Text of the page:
Benefits of Stablecoin to Fintech
Blockchain-based: Stablecoins, like any other cryptocurrency, use blockchain technology. Security, transparency, and accountability, the core benefits of blockchain, are now available to everyone.
Faster and less expensive remittances: Compared to current financial systems, which are plagued by a slow and costly network and transaction fees. Stablecoins provide a faster, cheaper, and more secure mode of cross-border payments or remittances.
DApps: In the DApp ecosystem, developers can integrate stablecoins with applications and services for in-app purchases and other payments.
Kitco, a Canadian provider of gold and precious metals news and data, has entered the stablecoin market. According to a press release shared with CoinDesk. Kitco Gold (KGLD) will be fully backed by physical gold held in Kitco's Direct Reserve vaults and will track the real-time market value of the yellow metal.
Stablecoins are a very safe long-term investment. Gemini Dollar, Dai, and PAX are the safest stablecoins, according to financial experts. So, if you want to invest in Stablecoins, you can do so in these assets.
Stablecoins do not require a bank account and are easy to transfer worldwide, including in locations where the US dollar is challenging to obtain or unstable local currency. There are simple ways to earn interest on a stablecoin investment typically higher than what a bank would offer. It also enjoys low transaction fees and fast processing.\
Let's also look at some of the most popular stablecoins.
Dai — Dai is a well-known decentralized stablecoin created by Maker DAO, which also governs it. 1 Dai is equivalent to 1 USD. Dai coin is compatible with over 400 apps and services.
USD coin — (USDC) is an Ethereum-based stablecoin. USD coin was launched by the centre consortium, Coinbase, and Circle. Its value is pegged 1:1 with the US dollar, which means holders can redeem 1 USD coin for $1 at any time. Every USDC is backed by one dollar or an asset with an equivalent value, held in accounts with US-regulated financial institutions.
TrueUSD — TrueUSD is an Ethereum-based stablecoin that attempts to maintain a value of $1.00. Banks hold US dollars in escrow as collateral for the supply of TUSD. On the TrustToken website, you can buy and redeem tokens in US dollars. It's one of the most dependable and tested stablecoins on the market.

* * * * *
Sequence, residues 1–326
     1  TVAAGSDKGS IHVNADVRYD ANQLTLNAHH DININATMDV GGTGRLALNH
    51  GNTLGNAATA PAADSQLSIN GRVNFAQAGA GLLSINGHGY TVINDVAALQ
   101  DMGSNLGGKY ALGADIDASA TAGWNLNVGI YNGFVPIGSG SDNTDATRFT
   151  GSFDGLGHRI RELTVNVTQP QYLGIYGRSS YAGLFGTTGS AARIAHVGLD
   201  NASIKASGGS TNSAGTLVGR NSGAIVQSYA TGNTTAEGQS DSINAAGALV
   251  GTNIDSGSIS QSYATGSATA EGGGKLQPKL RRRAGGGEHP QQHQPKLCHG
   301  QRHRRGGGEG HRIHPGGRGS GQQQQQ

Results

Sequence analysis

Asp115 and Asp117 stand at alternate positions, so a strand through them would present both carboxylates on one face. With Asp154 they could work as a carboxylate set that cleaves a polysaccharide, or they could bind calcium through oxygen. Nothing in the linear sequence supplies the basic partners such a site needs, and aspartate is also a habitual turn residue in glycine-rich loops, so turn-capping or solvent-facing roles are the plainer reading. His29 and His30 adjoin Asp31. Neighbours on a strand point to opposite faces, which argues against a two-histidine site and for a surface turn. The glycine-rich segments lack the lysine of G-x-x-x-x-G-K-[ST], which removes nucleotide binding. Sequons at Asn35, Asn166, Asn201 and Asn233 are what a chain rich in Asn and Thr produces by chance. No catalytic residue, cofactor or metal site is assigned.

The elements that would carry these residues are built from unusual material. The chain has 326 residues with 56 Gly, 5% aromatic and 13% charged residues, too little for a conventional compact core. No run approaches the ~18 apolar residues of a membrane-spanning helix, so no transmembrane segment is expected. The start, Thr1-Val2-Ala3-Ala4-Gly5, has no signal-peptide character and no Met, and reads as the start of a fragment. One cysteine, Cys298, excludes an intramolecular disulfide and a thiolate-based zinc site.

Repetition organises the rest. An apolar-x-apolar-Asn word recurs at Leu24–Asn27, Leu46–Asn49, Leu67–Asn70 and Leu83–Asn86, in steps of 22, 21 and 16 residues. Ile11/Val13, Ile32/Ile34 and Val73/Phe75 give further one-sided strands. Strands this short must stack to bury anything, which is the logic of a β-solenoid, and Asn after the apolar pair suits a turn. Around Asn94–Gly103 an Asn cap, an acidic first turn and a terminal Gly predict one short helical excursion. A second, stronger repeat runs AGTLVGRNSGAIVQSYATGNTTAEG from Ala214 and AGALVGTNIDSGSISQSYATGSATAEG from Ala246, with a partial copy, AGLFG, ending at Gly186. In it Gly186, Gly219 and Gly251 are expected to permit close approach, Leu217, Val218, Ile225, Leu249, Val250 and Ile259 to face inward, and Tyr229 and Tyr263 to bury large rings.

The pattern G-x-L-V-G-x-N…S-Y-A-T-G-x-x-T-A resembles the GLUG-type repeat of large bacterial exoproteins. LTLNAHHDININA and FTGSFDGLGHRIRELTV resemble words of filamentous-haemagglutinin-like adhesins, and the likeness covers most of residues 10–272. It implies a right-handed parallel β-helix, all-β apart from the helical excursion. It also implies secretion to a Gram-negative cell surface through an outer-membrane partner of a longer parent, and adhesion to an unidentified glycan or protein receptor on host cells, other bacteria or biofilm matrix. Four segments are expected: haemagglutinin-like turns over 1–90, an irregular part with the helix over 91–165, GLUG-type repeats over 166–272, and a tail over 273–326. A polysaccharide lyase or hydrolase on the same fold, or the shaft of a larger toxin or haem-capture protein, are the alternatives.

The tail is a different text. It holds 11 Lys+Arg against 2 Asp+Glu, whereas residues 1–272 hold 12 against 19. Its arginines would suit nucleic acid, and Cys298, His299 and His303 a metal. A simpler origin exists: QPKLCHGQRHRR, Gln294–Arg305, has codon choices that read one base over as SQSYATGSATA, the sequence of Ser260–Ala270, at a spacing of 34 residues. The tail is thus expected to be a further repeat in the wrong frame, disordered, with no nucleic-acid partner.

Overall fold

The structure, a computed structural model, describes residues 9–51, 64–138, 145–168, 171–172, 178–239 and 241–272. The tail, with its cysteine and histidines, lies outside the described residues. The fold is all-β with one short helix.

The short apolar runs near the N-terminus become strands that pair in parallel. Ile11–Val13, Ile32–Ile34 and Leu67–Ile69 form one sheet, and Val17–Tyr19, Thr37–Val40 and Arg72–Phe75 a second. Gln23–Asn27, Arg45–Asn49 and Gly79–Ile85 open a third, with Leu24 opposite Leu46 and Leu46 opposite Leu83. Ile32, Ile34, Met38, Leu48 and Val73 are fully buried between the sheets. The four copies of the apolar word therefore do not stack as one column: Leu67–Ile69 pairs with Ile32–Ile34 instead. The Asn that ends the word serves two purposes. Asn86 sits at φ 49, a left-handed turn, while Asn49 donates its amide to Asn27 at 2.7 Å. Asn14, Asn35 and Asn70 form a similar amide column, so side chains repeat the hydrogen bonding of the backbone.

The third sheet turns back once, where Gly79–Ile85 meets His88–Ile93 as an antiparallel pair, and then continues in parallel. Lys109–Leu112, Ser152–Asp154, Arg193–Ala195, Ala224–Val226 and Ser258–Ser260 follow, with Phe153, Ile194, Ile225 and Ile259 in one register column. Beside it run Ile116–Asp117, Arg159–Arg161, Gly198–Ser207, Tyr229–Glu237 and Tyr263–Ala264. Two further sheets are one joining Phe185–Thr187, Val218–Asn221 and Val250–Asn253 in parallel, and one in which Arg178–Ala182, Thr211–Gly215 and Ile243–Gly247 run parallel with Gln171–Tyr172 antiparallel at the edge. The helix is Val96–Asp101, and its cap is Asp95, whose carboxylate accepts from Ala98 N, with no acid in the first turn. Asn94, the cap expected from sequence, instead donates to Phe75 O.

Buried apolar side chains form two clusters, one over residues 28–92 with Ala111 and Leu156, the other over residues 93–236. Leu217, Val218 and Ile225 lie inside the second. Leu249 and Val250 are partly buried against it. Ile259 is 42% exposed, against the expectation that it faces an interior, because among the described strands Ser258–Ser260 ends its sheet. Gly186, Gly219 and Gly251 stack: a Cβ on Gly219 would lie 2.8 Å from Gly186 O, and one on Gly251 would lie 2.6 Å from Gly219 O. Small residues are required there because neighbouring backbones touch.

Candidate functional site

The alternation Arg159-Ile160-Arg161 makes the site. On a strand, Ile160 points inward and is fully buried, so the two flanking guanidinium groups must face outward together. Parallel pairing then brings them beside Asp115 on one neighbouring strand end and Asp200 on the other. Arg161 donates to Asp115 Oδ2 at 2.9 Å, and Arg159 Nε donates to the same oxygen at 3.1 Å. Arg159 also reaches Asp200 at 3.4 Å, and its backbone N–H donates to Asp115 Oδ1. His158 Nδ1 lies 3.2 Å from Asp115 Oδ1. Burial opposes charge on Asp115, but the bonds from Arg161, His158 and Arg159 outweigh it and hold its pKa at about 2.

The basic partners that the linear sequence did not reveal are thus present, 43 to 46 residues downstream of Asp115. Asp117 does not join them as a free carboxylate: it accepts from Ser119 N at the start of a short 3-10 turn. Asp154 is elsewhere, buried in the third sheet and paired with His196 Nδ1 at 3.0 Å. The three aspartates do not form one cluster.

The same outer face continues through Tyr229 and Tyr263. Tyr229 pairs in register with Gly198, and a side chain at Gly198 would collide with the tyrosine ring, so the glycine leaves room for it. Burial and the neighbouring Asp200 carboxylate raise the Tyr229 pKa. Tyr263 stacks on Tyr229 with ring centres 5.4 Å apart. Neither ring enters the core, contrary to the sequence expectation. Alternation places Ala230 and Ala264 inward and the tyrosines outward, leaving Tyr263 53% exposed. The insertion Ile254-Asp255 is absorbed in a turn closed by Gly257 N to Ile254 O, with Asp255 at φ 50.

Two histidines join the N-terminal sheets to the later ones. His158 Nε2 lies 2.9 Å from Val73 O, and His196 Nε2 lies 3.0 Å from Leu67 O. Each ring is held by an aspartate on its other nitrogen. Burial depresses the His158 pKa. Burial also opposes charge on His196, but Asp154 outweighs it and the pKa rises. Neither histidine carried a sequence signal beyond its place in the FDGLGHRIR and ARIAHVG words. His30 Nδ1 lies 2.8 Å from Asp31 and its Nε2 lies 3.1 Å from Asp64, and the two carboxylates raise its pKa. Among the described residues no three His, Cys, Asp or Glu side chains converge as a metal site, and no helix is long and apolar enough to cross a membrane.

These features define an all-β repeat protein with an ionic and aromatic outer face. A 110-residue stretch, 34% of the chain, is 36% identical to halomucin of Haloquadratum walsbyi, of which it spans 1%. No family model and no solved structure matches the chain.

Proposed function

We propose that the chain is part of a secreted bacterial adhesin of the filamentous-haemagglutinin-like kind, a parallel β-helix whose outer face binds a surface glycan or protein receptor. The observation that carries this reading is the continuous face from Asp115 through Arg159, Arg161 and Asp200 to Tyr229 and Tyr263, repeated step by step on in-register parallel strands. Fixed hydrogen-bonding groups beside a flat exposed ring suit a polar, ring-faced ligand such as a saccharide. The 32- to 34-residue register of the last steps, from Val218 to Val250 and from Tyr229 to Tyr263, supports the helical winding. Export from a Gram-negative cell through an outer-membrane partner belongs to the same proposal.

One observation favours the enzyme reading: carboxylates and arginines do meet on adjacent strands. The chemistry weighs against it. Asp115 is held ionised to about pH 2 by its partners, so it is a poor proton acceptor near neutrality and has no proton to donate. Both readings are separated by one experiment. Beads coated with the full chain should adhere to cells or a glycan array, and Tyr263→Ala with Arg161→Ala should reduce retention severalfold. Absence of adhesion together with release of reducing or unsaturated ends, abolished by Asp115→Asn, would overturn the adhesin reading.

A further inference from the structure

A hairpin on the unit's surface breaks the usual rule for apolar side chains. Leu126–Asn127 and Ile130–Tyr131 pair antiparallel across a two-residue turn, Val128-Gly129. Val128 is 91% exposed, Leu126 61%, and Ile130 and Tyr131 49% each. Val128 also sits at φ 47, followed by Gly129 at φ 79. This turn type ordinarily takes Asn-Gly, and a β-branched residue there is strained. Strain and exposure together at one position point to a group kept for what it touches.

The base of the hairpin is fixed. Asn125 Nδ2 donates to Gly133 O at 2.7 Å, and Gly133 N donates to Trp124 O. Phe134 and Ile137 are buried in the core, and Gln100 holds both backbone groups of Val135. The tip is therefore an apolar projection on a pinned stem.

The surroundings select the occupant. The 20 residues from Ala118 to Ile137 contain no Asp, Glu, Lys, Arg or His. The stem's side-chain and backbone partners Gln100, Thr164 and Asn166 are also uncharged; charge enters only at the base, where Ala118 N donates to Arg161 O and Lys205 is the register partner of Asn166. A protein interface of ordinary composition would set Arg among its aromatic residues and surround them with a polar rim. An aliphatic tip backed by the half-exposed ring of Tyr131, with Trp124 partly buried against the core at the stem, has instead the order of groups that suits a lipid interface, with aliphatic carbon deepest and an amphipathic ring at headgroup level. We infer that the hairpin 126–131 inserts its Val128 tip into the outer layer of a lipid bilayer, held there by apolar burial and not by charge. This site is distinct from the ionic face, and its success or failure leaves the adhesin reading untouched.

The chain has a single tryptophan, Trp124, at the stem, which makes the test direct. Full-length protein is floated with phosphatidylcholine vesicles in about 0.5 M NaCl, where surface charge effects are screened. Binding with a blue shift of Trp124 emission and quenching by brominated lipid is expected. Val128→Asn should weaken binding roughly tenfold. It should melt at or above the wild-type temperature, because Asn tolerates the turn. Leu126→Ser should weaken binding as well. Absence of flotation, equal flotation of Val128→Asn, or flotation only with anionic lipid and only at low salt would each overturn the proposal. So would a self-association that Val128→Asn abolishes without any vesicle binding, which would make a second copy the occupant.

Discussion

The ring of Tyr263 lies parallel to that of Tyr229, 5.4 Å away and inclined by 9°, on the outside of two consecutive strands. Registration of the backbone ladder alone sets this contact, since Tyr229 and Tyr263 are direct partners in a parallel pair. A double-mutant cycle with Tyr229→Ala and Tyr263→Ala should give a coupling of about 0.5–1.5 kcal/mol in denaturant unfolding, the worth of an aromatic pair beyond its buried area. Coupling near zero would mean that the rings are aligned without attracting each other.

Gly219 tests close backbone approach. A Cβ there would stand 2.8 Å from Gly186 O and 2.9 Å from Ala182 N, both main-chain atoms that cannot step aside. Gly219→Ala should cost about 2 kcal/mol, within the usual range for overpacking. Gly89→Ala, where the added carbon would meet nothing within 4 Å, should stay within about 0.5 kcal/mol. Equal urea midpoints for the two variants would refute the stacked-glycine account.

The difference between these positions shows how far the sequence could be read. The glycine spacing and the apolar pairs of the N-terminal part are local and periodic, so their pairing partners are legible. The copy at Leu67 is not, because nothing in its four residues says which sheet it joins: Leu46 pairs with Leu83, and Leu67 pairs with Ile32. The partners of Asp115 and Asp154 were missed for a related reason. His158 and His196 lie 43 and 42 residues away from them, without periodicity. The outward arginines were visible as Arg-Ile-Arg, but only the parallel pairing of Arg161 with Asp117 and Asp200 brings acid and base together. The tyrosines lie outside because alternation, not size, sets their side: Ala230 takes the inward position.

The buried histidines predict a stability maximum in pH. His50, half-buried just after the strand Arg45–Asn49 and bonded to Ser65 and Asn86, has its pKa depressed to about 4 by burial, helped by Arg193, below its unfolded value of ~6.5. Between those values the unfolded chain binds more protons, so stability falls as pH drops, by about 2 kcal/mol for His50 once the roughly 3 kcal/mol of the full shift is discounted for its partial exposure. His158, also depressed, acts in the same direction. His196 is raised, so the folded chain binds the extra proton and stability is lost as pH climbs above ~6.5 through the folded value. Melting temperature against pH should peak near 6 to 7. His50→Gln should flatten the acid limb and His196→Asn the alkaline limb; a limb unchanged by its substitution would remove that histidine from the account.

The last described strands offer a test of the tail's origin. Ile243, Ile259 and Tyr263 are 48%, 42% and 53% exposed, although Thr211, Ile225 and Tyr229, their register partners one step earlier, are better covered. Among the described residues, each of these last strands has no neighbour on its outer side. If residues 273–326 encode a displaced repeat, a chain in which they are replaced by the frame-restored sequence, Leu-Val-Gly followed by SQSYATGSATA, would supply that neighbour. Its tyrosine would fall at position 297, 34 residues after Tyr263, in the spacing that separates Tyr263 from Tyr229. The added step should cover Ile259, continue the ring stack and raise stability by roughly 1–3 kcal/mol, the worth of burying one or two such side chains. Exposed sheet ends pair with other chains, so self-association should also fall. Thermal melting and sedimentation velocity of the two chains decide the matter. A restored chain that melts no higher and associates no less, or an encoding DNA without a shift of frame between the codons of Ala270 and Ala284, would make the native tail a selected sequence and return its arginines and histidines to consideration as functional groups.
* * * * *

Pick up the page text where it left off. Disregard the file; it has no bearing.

The Paxos Standard Token — The Paxos Standard Token (PAX) is a stablecoin running on Ethereum. It is one of the most quickly adopted stablecoin and approved by the New York State Department of Financial Services. The company behind the protocol is responsible for holding reserves that fully back each token. It is also backed in a 1:1 ratio by the US dollar. The tokens are destroyed when the coin is redeemed for USD.
Types of Stablecoins
Let us now examine the various types of stablecoins.
Crypto-collateralized stablecoins are those that are backed by other cryptocurrencies. Through over-collateralization, these stablecoins maintain their 1:1 ratio. This structure provides a buffer against price fluctuations caused by the underlying collateral. For instance, DAI, a stablecoin backed by another cryptocurrency developed by MakerDAO. BitUSD is another well-known crypto-collateralized token supported by Bitshares.
Commodity-backed stablecoins are the type of stablecoins that are collateralized using physical assets like precious metals, oil, and real estate. Gold is the most popular commodity to be collateralized; Tether Gold (XAUT) and Paxos Gold (PAXG) are two of the most liquid gold-backed stablecoins.
Another good example is the gold-backed Digix. This means that 1 DGX equals 1 gram of gold on the ETH network. Tiberius is another good one backed by the combination of seven precious metals commonly used in hardware technology.
With this type of stable coin, algorithms instead of assets determine the value of non-collateralized stablecoins. Some good examples are CarbonUSD and kUSD. The tokens rely on a mechanically generated algorithm that can change the supply volume to maintain the token's price, which is pegged to an asset. The system also operates with the help of smart contracts, which helps to sell tokens if the price falls below a predetermined level and supply token to the market if the price rises. This automated process helps the toke remain stable and secure to its peg.
Fiat-collateralized stablecoins are backed by sovereign currency such as the Pound Sterling or the US dollar. This means that to issue a certain number of tokens of a given cryptocurrency, the issuer must provide collateral in dollar reserves worth the same amount. The idea behind this is to support stablecoin with real fiat in real bank accounts. The only problem with this approach is that a centralized authority controls it. The issuing party must trust that they have the appropriate assets to pay out the token.
In summary, stablecoins are just like fiat currency that you can use for mainstream commerce, but with the additional benefits of cryptocurrencies. This can be useful for overseas payment since there will be no conversation about different fiat currencies. It is more like a new form of digital money controlled algorithmically and provides monetary benefits comparable to fiat currencies. Stablecoins have the potential to broaden the mainstream adoption of digital assets in everyday life.